By: Rick Daley
Writing a novel is a lonely task. Sure, our characters keep us company, but after numerous readings and revisions they transform into red-headed step-children and we want them to leave us alone. That’s when it’s time to ship them off to boarding school, where they are subject to the critiques of our friends and family. Not all of them graduate.
As writers, we yearn for feedback. Aside from the chosen few who produce flawless prose on the first draft (and can’t ever fathom why the query for their masterpiece was rejected by those ungrateful agents), we understand that hearing the honest opinions of readers is crucial to perfecting our work. However, opening our souls to criticism can be daunting…
Giving a Critique
I recommend the sandwich approach, where you start with a positive point, give an honest opinion of what doesn’t work for you (may be multiple points), and then end with another positive point or words of encouragement. I’ve found that the sandwich approach helps put recipients at ease (especially if they are hungry). It makes people more receptive to constructive criticism and keeps them from getting overly defensive. If you are taking the time to provide the feedback, you should want the person to actually do something with it.
Be careful if you re-write something as an example, especially in a query critique. A short clause or sentence is one thing, but if you start re-writing paragraphs you are providing more than advice – you are providing voice.
What Not to Do When Giving a Critique
– Don’t be overly apologetic or you will undermine your own opinions.
– Don’t hunt for things just because you feel you have to suggest something. Sometimes the work we review is really good. However…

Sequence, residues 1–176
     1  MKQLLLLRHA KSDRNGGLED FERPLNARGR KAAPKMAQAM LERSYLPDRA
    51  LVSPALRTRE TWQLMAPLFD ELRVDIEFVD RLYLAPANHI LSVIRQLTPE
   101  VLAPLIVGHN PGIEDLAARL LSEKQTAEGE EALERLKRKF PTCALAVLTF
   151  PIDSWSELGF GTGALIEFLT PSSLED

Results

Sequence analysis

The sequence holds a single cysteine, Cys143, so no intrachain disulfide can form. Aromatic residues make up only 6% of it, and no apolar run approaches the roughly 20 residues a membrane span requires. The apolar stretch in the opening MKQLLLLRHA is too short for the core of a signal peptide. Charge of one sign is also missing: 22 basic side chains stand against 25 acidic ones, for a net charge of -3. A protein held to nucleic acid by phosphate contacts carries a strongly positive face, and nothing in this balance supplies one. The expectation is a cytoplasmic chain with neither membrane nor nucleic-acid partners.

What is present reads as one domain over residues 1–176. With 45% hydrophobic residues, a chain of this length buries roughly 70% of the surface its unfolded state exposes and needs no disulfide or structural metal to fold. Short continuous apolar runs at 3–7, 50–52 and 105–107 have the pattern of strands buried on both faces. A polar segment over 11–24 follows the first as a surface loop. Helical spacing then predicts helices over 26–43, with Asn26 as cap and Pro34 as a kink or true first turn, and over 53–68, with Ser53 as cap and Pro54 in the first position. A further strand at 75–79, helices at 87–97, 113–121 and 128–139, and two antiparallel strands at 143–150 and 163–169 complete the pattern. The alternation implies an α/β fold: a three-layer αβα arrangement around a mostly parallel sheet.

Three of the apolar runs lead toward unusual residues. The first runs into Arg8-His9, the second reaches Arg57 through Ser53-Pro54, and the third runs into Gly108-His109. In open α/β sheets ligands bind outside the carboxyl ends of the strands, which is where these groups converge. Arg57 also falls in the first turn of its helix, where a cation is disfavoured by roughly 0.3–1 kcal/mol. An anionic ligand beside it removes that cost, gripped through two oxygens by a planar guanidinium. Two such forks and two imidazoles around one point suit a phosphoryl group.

– Don’t limit your feedback to praise just because you are afraid to hurt someone’s feelings. Paula Abdul has cornered that market.
– Don’t be a ruthless jerk. Simon Cowell has cornered that market.
Receiving a Critique
Rule # 1: Don’t pout if you hear something negative. Remember that you asked for the feedback in the first place.
Rule # 2: Wait until all the feedback is in before you seriously contemplate your changes.
Rule # 3: Seriously contemplate your changes. Take time. Work through it. You never microwave a roast. Slow cooking always turns out better. (NOTE: what’s with all the food references?)
Rule # 4: Look for common threads in the feedback and start there. The advice of the many outweighs the advice of the few.
Rule # 5: Re-write. If someone provides a re-write as an example, don’t just copy it. Try to understand why they suggested those changes. Otherwise you may dilute your own voice and you miss the opportunity to learn something.
Rule # 6: Ask for clarification if you don’t understand something. (NOTE: Please remember that this is in regard to critiques, not form rejections. Agents are not critique partners. No matter how much we want them to be.)
Rule # 7: Thank the people who took the time to offer their feedback, and pay it forward by offering a critique to someone else.